The Great Gatsby: don’t forget the book

F Scott FitzGerald’s funeral had a meagre attandance, but his novel grew a reputation that can’t be overshadowed by Baz Luhrmann’s new film

The beautiful and the damned: F Scott FitzGerald with his wife, Zelda, around 1935. Photograph: Pictorial Parade/Archive Photos/Getty

The beautiful and the damned: F Scott FitzGerald with his wife, Zelda, around 1935. Photograph: Pictorial Parade/Archive Photos/Getty


In 1924 F Scott FitzGerald sent Max Perkins, his editor at the New York publishing house Scribner’s, the manuscript of a novel he was working on, which would be published the following year as The Great Gatsby . Perkins’s main concern was that its central character was too vague.

FitzGerald’s reply was a key to understanding the subtle power of a metaphorical masterpiece that remains as relevant today as it was when it was published in 1925.

“His vagueness I can repair by making more pointed,” FitzGerald wrote. “This doesn’t sound good but wait and see. It’ll make him clear.”

Indeed it is his vagueness that makes Gatsby so compelling, both for the reader and within the hard, amoral American world that FitzGerald paints with prose that is as luminous and cold as a diamond.

It is Gatsby’s nebulous mystique that also makes any attempt to film the book a risky proposition. How to capture Gatsby’s essential unknowability in a medium defined by close-ups?

The main events of the novel unfold at a series of parties, and FitzGerald’s prose is necessarily suggestive and impressionistic rather than concrete. Gatsby is mentioned a few times before we meet him in a conspiracy of speculation and interruption. “He’s a nephew or cousin of Kaiser Wilhelm’s.” “Somebody told me they thought he killed a man once.” “One persistent story went that he didn’t live in a house at all but in a boat that looked like a house and moved secretly up and down the Long Island shore.”

Nick first sees Gatsby standing alone in his enormous garden overlooking fashionable East Egg, the green light of Daisy Buchanan’s house a beacon across the water. But it is a fleeting glimpse that quickly vanishes, and though the book’s narrator, Nick Carraway, brings us closer to Gatsby as the novel progresses, he remains an aloof and isolated figure.

Even when Nick finally meets Gatsby face to face we are given hardly any physical detail about the man. The lengthiest description that Nick offers of Gatsby’s physical form rests on a brief smile. “It was one of those rare smiles with a quality for eternal reassurance in it,” Nick describes with typical richness. “It faced – or seemed to face – the whole eternal world for an instant, and then concentrated on you with an irresistible prejudice in your favour. It understood you just as far as you wanted to be understood, believed in you as you would like to believe in yourself, and assured you that it had precisely the impression of you that, at your best, you hoped to convey.”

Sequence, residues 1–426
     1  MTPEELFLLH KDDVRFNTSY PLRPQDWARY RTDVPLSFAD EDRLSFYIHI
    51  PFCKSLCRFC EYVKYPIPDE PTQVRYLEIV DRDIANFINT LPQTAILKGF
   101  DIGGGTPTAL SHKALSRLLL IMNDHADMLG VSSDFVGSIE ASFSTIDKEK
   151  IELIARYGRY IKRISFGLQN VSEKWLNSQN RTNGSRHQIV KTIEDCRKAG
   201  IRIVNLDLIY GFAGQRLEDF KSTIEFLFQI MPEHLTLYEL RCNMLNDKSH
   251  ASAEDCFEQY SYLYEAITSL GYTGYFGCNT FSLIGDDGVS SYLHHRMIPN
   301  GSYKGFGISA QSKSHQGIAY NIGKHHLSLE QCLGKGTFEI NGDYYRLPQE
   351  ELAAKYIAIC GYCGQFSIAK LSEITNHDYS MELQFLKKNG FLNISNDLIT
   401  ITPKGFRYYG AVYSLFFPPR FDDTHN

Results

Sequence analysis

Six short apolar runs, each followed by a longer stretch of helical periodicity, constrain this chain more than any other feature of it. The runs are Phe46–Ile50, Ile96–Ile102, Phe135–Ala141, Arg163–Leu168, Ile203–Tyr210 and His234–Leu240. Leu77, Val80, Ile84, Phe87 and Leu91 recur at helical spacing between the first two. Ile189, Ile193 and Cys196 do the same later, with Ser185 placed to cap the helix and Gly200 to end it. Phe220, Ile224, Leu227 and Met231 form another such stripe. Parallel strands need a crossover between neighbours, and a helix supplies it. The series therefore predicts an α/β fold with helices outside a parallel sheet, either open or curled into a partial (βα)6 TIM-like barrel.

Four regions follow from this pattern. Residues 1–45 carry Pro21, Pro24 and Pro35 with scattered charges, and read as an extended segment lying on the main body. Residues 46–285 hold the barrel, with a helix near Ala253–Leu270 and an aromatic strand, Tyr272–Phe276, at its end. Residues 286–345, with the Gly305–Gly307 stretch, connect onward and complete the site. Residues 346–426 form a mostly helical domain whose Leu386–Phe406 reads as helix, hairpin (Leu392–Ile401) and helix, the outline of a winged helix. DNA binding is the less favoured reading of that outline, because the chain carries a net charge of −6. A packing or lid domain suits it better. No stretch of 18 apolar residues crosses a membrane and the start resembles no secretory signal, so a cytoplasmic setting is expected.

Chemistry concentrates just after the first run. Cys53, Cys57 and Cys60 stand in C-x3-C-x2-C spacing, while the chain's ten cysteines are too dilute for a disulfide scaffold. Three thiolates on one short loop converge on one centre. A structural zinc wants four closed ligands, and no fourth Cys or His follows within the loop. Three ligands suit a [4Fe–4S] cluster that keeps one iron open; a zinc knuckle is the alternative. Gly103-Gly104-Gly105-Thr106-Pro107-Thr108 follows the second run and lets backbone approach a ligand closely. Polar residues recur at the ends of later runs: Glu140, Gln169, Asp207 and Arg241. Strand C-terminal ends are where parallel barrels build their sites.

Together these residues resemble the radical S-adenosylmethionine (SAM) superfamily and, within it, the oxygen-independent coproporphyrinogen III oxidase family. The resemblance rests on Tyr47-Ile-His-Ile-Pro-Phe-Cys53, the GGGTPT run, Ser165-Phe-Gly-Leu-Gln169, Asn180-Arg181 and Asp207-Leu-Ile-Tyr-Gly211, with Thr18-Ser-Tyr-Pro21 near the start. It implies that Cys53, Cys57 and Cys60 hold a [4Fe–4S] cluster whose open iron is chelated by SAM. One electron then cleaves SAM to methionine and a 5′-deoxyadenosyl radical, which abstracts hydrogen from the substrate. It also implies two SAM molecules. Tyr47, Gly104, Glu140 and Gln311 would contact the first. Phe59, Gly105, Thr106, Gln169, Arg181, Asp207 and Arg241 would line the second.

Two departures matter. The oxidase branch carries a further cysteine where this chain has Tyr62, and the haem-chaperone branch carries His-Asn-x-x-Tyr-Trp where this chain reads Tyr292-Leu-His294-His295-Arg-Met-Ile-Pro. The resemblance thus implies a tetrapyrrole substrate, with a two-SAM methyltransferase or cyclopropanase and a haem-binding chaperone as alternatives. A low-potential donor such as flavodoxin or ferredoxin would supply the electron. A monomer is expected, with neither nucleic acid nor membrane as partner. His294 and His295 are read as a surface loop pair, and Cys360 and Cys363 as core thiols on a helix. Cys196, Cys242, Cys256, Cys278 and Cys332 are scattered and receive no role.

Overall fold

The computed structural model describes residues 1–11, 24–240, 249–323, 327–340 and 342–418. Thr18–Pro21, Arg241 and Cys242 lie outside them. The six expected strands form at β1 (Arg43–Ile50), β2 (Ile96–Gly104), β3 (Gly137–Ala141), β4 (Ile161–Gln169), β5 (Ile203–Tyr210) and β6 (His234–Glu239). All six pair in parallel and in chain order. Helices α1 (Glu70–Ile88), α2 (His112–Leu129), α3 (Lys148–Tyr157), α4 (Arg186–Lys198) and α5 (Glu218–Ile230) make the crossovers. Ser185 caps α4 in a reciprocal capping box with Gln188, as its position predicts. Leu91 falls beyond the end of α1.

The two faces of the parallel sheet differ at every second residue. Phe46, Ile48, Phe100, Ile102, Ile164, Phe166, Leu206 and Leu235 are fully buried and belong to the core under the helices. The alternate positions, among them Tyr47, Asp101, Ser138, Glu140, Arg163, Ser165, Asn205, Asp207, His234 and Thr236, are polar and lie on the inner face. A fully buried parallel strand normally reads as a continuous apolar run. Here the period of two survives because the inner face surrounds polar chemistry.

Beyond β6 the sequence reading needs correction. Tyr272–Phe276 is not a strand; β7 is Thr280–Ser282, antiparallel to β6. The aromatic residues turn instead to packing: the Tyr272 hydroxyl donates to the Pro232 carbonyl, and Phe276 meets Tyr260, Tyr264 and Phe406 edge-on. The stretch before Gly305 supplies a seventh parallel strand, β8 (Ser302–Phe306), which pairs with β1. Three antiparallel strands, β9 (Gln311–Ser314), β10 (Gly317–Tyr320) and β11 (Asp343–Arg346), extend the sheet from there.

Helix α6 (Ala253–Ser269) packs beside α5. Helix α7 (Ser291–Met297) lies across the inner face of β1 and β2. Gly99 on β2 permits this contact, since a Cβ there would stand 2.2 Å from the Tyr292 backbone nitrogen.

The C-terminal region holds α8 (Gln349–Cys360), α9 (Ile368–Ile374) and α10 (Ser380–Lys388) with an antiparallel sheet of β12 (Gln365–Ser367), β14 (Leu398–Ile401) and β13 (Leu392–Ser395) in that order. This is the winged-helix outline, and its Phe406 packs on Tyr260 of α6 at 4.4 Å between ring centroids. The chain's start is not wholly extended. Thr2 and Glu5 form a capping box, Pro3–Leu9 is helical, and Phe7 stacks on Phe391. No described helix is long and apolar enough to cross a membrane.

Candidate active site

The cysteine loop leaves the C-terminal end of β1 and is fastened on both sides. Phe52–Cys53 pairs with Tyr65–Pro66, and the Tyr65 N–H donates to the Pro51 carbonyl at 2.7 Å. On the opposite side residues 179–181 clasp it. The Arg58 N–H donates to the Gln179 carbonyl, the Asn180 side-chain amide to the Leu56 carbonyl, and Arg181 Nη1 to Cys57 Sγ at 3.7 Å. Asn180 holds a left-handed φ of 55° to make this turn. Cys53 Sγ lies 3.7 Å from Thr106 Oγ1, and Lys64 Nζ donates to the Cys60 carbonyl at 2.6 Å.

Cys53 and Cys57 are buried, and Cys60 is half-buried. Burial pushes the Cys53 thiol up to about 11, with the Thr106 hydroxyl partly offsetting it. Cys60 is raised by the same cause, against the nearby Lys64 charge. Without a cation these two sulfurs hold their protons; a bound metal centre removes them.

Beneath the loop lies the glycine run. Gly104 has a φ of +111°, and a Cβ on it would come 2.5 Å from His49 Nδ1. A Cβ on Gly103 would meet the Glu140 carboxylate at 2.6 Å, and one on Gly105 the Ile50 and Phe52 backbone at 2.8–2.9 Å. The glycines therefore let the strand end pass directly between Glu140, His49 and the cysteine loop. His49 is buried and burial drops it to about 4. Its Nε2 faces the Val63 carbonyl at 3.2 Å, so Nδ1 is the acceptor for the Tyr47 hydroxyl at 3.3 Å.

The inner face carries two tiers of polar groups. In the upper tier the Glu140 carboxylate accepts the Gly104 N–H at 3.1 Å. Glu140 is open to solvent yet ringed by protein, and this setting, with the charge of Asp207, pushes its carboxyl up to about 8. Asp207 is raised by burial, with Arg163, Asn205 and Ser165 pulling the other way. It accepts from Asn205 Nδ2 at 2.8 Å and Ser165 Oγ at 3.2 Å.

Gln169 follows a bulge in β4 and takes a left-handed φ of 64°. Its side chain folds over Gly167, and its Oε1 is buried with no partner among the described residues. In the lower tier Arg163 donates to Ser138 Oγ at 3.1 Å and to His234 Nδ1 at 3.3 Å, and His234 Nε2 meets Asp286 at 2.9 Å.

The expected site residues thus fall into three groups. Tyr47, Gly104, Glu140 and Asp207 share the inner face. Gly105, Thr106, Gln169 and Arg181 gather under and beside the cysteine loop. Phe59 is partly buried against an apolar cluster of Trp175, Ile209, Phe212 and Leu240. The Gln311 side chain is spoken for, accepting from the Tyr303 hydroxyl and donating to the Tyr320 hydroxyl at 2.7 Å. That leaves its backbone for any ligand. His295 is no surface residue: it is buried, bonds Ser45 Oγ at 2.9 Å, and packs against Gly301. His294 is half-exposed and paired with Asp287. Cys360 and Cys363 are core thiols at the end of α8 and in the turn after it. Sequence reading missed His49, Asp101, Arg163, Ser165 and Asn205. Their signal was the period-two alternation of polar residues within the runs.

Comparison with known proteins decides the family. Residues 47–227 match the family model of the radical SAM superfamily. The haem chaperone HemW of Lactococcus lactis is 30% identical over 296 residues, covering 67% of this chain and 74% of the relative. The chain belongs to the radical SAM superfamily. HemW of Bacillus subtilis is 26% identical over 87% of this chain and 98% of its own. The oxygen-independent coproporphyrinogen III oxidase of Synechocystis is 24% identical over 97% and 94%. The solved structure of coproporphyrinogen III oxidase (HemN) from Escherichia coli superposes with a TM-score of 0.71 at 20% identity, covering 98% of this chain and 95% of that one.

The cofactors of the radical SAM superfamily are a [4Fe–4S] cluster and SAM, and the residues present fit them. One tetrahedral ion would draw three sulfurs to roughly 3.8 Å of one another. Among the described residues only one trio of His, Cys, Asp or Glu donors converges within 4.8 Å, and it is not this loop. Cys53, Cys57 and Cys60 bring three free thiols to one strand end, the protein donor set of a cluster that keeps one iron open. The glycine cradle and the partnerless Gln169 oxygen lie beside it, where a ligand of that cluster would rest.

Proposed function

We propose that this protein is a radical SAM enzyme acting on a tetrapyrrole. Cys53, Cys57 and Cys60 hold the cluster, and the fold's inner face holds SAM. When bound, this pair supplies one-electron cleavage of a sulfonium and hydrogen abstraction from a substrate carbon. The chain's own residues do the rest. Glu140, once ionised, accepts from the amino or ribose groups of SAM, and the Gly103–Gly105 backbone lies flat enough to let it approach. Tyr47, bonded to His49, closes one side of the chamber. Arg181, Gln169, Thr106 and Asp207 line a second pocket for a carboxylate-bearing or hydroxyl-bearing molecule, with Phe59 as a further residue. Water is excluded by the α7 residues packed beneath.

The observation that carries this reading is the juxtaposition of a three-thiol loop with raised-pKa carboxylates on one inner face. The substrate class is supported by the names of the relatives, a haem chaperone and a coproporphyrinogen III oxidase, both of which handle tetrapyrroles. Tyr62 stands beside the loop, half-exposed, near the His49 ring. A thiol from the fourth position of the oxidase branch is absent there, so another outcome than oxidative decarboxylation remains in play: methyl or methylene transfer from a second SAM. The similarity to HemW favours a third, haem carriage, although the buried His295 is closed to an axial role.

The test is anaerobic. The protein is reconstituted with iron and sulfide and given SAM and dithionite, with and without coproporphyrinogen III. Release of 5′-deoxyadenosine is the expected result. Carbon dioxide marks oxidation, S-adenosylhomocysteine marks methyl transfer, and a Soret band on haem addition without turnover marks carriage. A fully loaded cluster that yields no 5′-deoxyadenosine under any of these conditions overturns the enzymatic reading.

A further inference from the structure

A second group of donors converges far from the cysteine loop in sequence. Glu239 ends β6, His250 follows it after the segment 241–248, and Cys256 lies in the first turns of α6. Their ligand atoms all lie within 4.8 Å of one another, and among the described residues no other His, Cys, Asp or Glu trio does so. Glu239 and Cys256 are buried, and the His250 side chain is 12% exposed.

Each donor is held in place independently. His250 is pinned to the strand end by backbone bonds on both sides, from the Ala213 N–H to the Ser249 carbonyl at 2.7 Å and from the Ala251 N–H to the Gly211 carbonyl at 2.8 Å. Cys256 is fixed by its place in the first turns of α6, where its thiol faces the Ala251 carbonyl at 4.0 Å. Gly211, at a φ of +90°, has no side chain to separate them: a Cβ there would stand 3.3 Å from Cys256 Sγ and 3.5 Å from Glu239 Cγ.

The description encapsulates the essence of what FitzGerald is creating with the cipher-like character: Gatsby is an empty vessel in which others see only a projection of themselves.

Literary aspirations
I first read the book as a serious 16-year-old with literary aspirations of my own. What appealed to me then about the book was the capacity for self-invention that FitzGerald’s United States offered: Gatsby was a tragic hero undone by the carelessness of others.

Although Nick reveals his mystery at the end of the book, Gatsby’s integrity remains intact.

Rereading the book many times as an adult, however, its meaning continues to change. If, as a teenager, I saw myself as Gatsby – standing apart from my peer group, misunderstood – as an adult I was Nick, aware that there is no “inside” and that the belonging Gatsby had pinned his hopes on is just a hollow dream.

When the first reviews for FitzGerald’s novel appeared, in 1925, the critics failed to grasp the several layers on which the book operated.

His earlier books, This Side of Paradise and The Beautiful and the Damned , had been bestsellers. But the general critical impression was that FitzGerald’s books were merely reportage, and The Great Gatsby was similarly dismissed as “nothing more than a glorified anecdote”. But the book also failed to capture the public imagination, perhaps because its parable of their inevitable doom cut too deep.

What the critics and readers had failed to appreciate would become unavoidably obvious in the following years, when the prophetic nature of The Great Gatsby was revealed. With the Wall Street Crash in 1929, the world of wealth and excess that FitzGerald anatomised so vividly would tumble down around its creators.

FitzGerald’s life would end as tragically as his greatest hero’s. Although he was to be the author of his own death through alcohol abuse, he was as much a victim of the crass culture of celebrity, its “vast, vulgar, and meretricious beauty”, as his greatest creation was. By the time he died, in Hollywood in 1940, FitzGerald had been almost forgotten, and his funeral was a sad affair, attended by just 30 people.

It seems particularly poignant, then, that it is through The Great Gatsby that FitzGerald’s name and fame live on. Gatsby’s great vacuity – his ability to be anything we want him to – has ensured a place for him in readers throughout the generations.

He is whatever we want or need him to be. An embodiment of progress, possibility, self-invention. A condemnation of consumption and the poison of celebrity. Unlikely as it seems, he can even be Leonardo DiCaprio.

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